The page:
Students in districts that closed down the longest during Covid-19 have experienced the most significant learning losses, studies and tests show.

Editor’s Note: Jill Filipovic is a journalist based in New York and author of the book “OK Boomer, Let’s Talk: How My Generation Got Left Behind.” Follow her on Twitter. The opinions expressed in this commentary are solely her own. View more opinion on CNN.

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As American students return to school, it’s time to admit we have a problem. Thanks to Covid-related school shutdowns, our school children have suffered unprecedented learning losses, with 9-year-olds seeming to have lost some two decades worth of progress on math and reading skills, according to new test results from the National Assessment of Educational Progress. The backtracking was particularly severe for the students who were already struggling, as well as for Black and Hispanic students. And, for many students, it may simply be too late to make up such significant setbacks.

This should make the progressive-minded among us who supported school closures pause and ask ourselves if we got this one right – and what we could learn from this whole debacle.

Jill Filipovic

Test scores, of course, are not everything; they are not the only or even a particularly good marker of a student’s achievement, and they certainly do not reflect a student’s intelligence or academic potential. But in the aggregate, they can be useful measures of what students are learning and how they’re doing.

And in the US, they are not doing well.

Shutting down schools in the spring of 2020 made sense. Covid-19 was a new disease, and we initially knew precious little about who might be particularly vulnerable, and how it might impact children.

But by the fall of 2020, when we knew much more, the US remained a global outlier in keeping schools shuttered, particularly for the youngest students who were at very low risk of serious illness from Covid-19 and were the least able to learn remotely. Many European countries sent children back to the classroom and found that even short school closures were remarkably disruptive and resulted in significant academic and social-emotional setbacks. In the US, our closures extended for much longer, and it seems our setbacks may be far worse.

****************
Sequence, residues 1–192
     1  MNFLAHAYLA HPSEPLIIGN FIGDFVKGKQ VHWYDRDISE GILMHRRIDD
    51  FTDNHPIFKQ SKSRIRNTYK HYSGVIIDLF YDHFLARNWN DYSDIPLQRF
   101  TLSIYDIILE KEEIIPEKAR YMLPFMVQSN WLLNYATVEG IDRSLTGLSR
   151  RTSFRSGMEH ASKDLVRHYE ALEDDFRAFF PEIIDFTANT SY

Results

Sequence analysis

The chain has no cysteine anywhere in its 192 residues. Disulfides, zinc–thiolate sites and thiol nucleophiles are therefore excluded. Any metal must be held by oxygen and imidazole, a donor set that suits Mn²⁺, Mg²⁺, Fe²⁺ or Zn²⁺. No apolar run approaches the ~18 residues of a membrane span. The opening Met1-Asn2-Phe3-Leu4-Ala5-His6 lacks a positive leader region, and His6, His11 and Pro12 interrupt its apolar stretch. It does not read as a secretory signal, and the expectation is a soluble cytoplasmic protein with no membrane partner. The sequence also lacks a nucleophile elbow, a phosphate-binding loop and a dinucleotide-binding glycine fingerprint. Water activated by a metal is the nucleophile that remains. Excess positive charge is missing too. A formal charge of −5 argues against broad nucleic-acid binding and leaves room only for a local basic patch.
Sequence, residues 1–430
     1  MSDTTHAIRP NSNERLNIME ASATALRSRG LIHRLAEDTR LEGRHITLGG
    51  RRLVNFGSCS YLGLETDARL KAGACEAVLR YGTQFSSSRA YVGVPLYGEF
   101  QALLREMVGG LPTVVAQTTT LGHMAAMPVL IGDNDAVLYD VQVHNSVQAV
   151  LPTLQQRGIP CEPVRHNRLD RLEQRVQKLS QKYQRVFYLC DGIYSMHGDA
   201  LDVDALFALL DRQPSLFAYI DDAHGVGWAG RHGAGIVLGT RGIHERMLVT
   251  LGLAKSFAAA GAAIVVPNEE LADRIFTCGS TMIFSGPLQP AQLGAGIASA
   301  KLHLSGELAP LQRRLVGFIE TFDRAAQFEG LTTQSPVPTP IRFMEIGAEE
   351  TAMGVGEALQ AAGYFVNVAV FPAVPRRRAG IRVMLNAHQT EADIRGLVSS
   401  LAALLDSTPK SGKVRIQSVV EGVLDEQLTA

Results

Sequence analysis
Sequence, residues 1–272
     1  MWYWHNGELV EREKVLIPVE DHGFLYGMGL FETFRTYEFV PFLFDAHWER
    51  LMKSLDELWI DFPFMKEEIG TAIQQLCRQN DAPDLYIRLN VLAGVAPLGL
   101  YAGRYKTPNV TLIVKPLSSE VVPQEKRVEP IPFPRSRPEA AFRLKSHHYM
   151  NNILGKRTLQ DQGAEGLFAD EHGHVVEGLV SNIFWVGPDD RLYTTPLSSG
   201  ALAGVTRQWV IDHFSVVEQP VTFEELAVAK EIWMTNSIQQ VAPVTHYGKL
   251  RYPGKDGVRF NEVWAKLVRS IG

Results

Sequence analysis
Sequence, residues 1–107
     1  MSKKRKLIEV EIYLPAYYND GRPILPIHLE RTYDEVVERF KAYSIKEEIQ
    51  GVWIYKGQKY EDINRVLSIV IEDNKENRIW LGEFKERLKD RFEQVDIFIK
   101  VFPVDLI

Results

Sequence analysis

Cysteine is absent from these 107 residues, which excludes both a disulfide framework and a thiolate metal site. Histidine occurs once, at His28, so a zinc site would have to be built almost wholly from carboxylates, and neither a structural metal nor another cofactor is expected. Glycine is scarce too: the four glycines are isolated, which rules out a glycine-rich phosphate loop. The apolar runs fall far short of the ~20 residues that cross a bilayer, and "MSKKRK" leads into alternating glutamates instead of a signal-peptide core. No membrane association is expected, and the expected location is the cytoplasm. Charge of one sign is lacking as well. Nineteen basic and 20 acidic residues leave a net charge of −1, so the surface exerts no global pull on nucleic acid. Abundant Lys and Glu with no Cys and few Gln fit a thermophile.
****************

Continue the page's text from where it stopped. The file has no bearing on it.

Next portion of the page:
Compounding the problem is the fact that America is unique among wealthy industrialized nations in our lack of a safety net. The Trump and Biden administrations offered Americans much-needed financial relief, but, overwhelmingly, the backup plan when the nation fell apart was Mom: That’s who was largely in charge of remote schooling and childcare, in addition to working for pay. Students who didn’t have the privilege of a parent who could make their at-home education a second full-time job – or who couldn’t pay privately for someone else to take over – wound up largely unmoored. Adults with longer attention spans and fully formed brains struggled to stay engaged through endless Zoom calls. Imagine trying to learn algebra by Zoom, when you could just as easily scroll through TikTok videos instead?

Unsurprisingly, the students whose schools were remote for the longest periods – disproportionately Black and Hispanic students, in part because those students are more likely to be enrolled in the urban school districts that kept up remote learning far longer than their rural and suburban counterparts – experienced the most significant learning losses. This is one of the many ways in which the pandemic response has further cleaved apart already-sprawling inequities.

Students from wealthier families and those living in wealthier communities, who are disproportionately White, were not only more likely to spend more time in the classroom over the last two years than low-income students and students of color, but also had greater access to private learning pods, private schools and private tutors – not to mention parents who, even if they were overworked, were more likely to be college-educated and working at home as the pandemic raged on. That constellation of privilege, which already confers so many benefits, exploded into supernova status during the 2020 and 2021 school years.